This study was approved by the Animal Care and Use Committee of the Center for Applied Aquatic Genomics at Chinese Academy of Fishery Sciences.

Animal collection

P. clarkii weighing approximately 10–20 g were collected from a crayfish farm in Xuyi, Jiangsu Province, China. Collected crayfish were cultured in water tanks with adequate aeration at 20°C and a natural photoperiod, and were fed with a commercial crayfish diet once per day. Four tissue types (hepatopancreas, muscle, ovary, and testis) were collected, and each group of tissues contained samples from approximately ten crayfish. The tissue samples were frozen immediately in liquid nitrogen, and stored at −80°C.

RNA isolation and Illumina sequencing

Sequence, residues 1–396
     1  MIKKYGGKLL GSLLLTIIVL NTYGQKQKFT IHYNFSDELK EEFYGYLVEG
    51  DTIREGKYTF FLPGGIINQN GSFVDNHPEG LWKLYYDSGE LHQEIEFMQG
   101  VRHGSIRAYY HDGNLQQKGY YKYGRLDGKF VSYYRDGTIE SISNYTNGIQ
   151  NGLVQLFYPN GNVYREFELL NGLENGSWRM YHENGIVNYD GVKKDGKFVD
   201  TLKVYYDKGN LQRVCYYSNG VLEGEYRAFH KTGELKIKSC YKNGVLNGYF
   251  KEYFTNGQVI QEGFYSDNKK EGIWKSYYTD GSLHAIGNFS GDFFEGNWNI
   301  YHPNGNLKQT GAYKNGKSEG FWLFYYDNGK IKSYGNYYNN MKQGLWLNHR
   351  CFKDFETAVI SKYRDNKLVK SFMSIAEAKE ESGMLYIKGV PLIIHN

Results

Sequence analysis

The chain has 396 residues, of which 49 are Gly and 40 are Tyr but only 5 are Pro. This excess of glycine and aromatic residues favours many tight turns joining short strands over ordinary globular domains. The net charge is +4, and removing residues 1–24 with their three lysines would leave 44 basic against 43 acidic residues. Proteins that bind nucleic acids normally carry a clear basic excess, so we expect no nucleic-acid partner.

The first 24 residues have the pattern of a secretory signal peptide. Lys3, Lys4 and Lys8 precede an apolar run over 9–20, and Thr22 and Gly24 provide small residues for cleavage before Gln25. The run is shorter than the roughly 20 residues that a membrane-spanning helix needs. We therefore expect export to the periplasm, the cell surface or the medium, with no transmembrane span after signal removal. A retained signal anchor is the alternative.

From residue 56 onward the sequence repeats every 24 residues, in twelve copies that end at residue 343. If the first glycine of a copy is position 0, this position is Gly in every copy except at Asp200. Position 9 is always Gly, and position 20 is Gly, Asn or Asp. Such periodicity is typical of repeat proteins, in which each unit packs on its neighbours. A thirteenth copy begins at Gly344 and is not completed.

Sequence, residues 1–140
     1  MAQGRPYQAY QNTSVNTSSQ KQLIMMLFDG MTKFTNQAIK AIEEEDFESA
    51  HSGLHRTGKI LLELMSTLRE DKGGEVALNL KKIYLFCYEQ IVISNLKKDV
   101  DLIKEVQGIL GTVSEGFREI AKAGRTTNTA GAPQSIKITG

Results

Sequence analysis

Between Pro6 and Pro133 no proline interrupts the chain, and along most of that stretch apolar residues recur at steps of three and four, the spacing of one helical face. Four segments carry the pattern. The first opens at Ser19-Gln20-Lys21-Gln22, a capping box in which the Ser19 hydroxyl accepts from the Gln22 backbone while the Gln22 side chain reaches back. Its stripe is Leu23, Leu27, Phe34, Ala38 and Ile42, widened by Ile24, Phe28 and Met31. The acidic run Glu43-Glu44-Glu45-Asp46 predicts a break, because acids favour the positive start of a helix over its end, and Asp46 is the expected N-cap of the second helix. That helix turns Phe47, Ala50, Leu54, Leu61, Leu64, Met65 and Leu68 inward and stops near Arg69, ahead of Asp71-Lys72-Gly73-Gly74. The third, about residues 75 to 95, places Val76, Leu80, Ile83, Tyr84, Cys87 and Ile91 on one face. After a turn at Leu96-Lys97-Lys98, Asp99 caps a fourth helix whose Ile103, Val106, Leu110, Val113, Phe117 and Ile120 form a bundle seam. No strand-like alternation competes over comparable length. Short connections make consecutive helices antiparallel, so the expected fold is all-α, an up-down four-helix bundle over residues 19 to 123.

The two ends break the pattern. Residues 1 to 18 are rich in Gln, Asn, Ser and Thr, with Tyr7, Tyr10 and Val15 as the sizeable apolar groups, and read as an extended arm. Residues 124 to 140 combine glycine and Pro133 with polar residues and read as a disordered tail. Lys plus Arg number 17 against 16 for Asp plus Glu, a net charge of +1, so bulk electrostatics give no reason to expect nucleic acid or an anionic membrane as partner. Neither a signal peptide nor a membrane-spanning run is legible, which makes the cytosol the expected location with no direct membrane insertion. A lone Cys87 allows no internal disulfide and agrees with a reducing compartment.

Total RNA from various tissues was isolated using the RNeasy Plus Mini Kit (Qiagen, Valencia, CA, USA) according to the manufacturer's protocol, and treated with RNase-free DNase I (Qiagen) to remove genomic DNA. RNA integrity was evaluated by 1.5% agarose gel electrophoresis. RNA concentrations were measured and purity was determined using a NanoDrop ND-1000 spectrophotometer (NanoDrop Technologies, Wilmington, DE, USA).

RNA-seq library preparation and sequencing was carried out by the Genomic Analysis Lab of The Institute of Genetics and Developmental Biology of the Chinese Academy of Sciences (Beijing, China). Approximately 5 µg of DNase-treated total RNA was used to construct a cDNA library following the protocols of the Illumina TruSeq RNA Sample Preparation Kit (Illumina, San Diego, CA 92122, USA). The cDNA libraries were amplified by PCR and contained TruSeq indexes 1–4 within the adaptors. Amplified libraries yielded approximately 500 ng of cDNA with an average length of approximately 270 base pairs (bp). Finally, the libraries were sequenced on an Illumina HiSeq 2000 instrument with 100 bp paired-end (PE) reads.

De novo assembly and transcriptome analysis